Republic of the Philippines - Stamps and Postal History

 

 

Philippine Postal History

The study of covers with postal markings pertaining to postal routes and rates, types of mail,  and the development of postal service.

 

HOMEPAGE

 

 

  • Outbound

  • Inbound

  • Domestic:

Speed Air Mail

Airmail

Registered

Special Delivery

Local

 

 

Articles of Interest

 

The Speed Air Mail Service

 


OUTBOUND MAIL

 

 

  

California, here I come? Or, go?

 

By Paul Woodward 

(Originally published in Linn's Stamp News, July 1, 1974)

Hilarious, it could be. Pathetically true, it is. Fail-safe, it isn't!  It is the mail delivery system. And the journeys all of them of the illustrated cover just about sum it up. 

The initial postmark of the Manila, Philippines, Air Mail Section shows that the journey started on Jan. 30, 1974 when the postage of 1.80 pesos was noted in ink in the upper right corner and the two 50s Imelda Marcos and two 40s Gen. Malvar stamps were affixed, and this letter from Frank Stanfield, the Manila dealer, to Carasan Company in Culver City, Calif., was ostensibly on its way. 

The letter got as far as the "Returned to Sender" stamp on the annotated date of Jan. 31. The sender was told to pony up an additional 5.70 pesos of postage. This postage was affixed to the back of the cover, and the Manila Air Mail Section again used its canceller, this time dated Feb. 5, 1974. 

Then, off goes the cover to Culver City, where it is received and backstamped Feb. 9, 1974, just a few feet away from the post office box of the addressee. 

But wait hold it! Can't you see the notice on the front?  "Return to Sender." It's an airmail envelope, all right, but it clearly states it is 5.70 pesos short on postage; so, send it back by boat. 

Weary, torn, tired and all but unglued, it arrives back in Manila on May 9, 1974, where "J.M.C." applies paper bandages on three sides, initials and dates the top bandage and stamps it twice: "Received in Bad Order." 

No wonder, after a nonstop flight from Manila to Los Angeles, then no rest before a three month boat trip back to Manila, including several trips through sorting, canceling, and packaging machines.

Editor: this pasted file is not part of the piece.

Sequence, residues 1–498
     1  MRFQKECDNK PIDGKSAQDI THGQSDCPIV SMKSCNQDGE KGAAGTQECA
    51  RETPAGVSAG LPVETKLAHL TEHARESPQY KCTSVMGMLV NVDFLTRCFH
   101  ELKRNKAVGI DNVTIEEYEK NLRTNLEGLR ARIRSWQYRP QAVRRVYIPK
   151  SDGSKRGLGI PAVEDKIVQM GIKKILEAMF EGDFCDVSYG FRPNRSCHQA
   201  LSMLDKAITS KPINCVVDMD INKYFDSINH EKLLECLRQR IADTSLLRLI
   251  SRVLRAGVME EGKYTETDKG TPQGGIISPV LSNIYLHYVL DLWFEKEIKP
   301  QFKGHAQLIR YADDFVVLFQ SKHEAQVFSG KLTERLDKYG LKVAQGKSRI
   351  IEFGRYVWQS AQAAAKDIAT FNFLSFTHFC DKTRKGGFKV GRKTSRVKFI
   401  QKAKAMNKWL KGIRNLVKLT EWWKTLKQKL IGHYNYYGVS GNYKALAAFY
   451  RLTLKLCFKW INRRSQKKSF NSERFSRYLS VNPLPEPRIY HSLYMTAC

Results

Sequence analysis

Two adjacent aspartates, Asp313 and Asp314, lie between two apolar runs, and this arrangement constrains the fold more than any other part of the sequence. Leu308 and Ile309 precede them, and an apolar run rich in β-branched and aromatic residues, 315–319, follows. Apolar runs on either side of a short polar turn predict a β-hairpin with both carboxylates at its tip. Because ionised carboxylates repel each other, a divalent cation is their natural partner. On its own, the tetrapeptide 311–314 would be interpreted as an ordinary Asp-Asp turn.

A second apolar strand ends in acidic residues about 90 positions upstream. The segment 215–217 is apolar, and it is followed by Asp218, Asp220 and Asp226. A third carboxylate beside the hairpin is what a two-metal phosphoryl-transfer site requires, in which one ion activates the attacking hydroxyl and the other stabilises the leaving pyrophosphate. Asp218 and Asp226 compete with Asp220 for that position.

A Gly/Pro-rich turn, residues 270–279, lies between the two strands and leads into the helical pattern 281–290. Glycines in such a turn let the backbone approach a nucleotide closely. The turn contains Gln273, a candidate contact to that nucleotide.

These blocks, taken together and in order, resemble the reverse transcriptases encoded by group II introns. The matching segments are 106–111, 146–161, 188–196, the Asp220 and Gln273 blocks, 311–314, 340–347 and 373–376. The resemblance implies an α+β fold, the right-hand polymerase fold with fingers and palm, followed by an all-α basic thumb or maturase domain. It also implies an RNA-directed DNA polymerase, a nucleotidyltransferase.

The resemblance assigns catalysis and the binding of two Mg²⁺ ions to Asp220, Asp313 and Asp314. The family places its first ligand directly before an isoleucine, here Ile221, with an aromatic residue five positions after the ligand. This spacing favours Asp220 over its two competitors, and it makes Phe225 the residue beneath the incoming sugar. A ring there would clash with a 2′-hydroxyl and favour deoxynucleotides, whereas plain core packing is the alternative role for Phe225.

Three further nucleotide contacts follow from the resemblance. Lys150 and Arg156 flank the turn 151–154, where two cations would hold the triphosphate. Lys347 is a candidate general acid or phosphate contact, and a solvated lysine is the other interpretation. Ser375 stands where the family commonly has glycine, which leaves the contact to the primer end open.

After the emergency first aid, the Manila Air Mail Section most efficiently notes the re-arrival by backstamping with a May 9, 1974 date. 

Perhaps the reader is wondering at this point, "What goes on here?" And so is someone in the Manila post office.  A large question mark is penciled on the face, underlined for emphasis. It's time to get this thing unraveled and that is what "L.M.M." does on May 10, 1974, noting initials and date in the upper right corner, just below "J.M.C.'s" notation of the day before. "L.M.M." does the unthinkable: checking the postage affixed against the "Return to Sender" requirement. 

Let's clear away the snow and sleet and gloom of night and get this thing on it's appointed round. Just one thing left to do: cross out the "Return to Sender" notice, since it had been satisfied a full three months ago. 

Clear and forceful action is in order, so clear and forceful it is: a red "Forward" and directional arrow to Culver City are boldly written on the face. 

At 8 a.m. on May 21, 1974, the letter is unceremoniously dropped into its intended port, Box 2003 in Culver City. Two transoceanic flights and one boat trip halfway around the world, 111 days later this "first, fast, reliable" airmail letter arrives at its destination. 

This cover's journeys shed light on why the last registered letter took seven months by surface mail from Bangkok to Culver City and why an airmail parcel from Baltimore took but five weeks. With all the recent postal rate increases, three or more trips can use up money much faster than just one. 

And it also helps the pinched airlines and merchant marine.


http://www.linnsonline.com/aboutus/overview.asp?uID=

 

LIBRARY

 

 

Back to the Top

HOMEPAGE

 

Back to the Top